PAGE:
Ian's song "At Seventeen" says: “I learned the truth at 17, that love was meant for beauty queens. And high school girls with clear skinned smiles who married young and then retired. The valentines I never knew, the Friday night charades of youth, were spent on one more beautiful. At 17 I learned the truth... ”
When I was 17, it was a pretty good year for academics, athletics and extra-curricular activities, which included my first job at a local clothing store. Where, soon after I began my job, the shop owner tried — and failed — to molest me. At 17 I learned the truth…
Though I’ve long since accepted the molestation attempt as just one chapter in my life’s story, my son’s new-found love of The Who’s "Tommy" musical score hit home. (Note: I’ve always thought eponymous character Tommy had autism.) As a teen, the songs “Cousin Kevin,” “Do You Think it’s Alright?” and “Fiddle About” sent chills down my spine. Now, with a son on the autism spectrum, the central theme of those songs make me positively apoplectic.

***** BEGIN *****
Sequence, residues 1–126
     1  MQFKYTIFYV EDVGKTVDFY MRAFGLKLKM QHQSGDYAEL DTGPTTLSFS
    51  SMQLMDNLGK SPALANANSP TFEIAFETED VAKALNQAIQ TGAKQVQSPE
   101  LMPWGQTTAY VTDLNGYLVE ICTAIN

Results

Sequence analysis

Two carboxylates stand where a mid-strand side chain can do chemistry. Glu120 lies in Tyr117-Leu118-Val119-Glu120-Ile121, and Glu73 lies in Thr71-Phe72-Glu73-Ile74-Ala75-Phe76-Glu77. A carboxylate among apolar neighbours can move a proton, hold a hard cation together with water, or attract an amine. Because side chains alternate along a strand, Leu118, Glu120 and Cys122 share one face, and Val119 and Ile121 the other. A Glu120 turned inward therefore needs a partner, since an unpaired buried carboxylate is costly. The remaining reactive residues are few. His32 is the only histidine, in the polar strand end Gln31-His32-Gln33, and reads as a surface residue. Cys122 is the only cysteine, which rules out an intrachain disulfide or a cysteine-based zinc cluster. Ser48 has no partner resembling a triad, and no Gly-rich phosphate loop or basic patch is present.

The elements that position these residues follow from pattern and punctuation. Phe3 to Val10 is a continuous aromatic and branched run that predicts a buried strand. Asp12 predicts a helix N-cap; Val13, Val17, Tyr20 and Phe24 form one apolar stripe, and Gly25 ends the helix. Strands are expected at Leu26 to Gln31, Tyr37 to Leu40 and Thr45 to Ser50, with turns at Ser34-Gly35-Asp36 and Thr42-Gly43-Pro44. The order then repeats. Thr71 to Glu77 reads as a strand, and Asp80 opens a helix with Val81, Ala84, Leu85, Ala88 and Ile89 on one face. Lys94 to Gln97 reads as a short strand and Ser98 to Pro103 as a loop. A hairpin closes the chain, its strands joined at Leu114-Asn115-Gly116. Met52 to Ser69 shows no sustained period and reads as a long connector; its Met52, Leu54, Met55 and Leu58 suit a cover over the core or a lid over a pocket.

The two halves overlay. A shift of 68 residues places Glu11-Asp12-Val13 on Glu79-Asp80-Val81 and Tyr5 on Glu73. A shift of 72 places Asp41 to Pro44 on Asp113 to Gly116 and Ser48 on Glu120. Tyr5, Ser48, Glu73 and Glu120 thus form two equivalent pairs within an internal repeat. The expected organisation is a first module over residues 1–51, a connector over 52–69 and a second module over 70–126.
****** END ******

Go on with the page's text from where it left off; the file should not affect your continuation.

Molestation concerns every parent, whether your child is atypical or not. Heck, I was a typical teen (and not the most quiet, I might add), and it still took me a week to tell someone of the molestation attempt. What happens to a child who literally has no speech, or a child who can’t describe what’s going on? Every single day, I pray that no harm comes to my child, or any other child. But as we all know, there are evil people in this world.
Jerry Sandusky, the once-venerated-now-vilified pedophile Penn State assistant football coach (disclosure: I am a Penn State graduate) molested 10 boys over 15 years. Sandusky, who bribed the boys with attention and coveted football tickets, called himself the “tickle monster” and told the boys, “don’t tell your mother," was recently found guilty on 45 of 48 counts, ranging from kissing and massages to groping, oral sex and anal rape. Sandusky will never live as a free man again. Sadly, neither will any of his victims.
As parents, we must be vigilant and go with our instincts. Whether your child is neurotypical or atypical, if you have to ask, like Mrs. Walker did in "Tommy," “Do you think it's alright to leave the boy with Uncle Ernie?” Let me tell you, it’s not. Not at 17, not ever.
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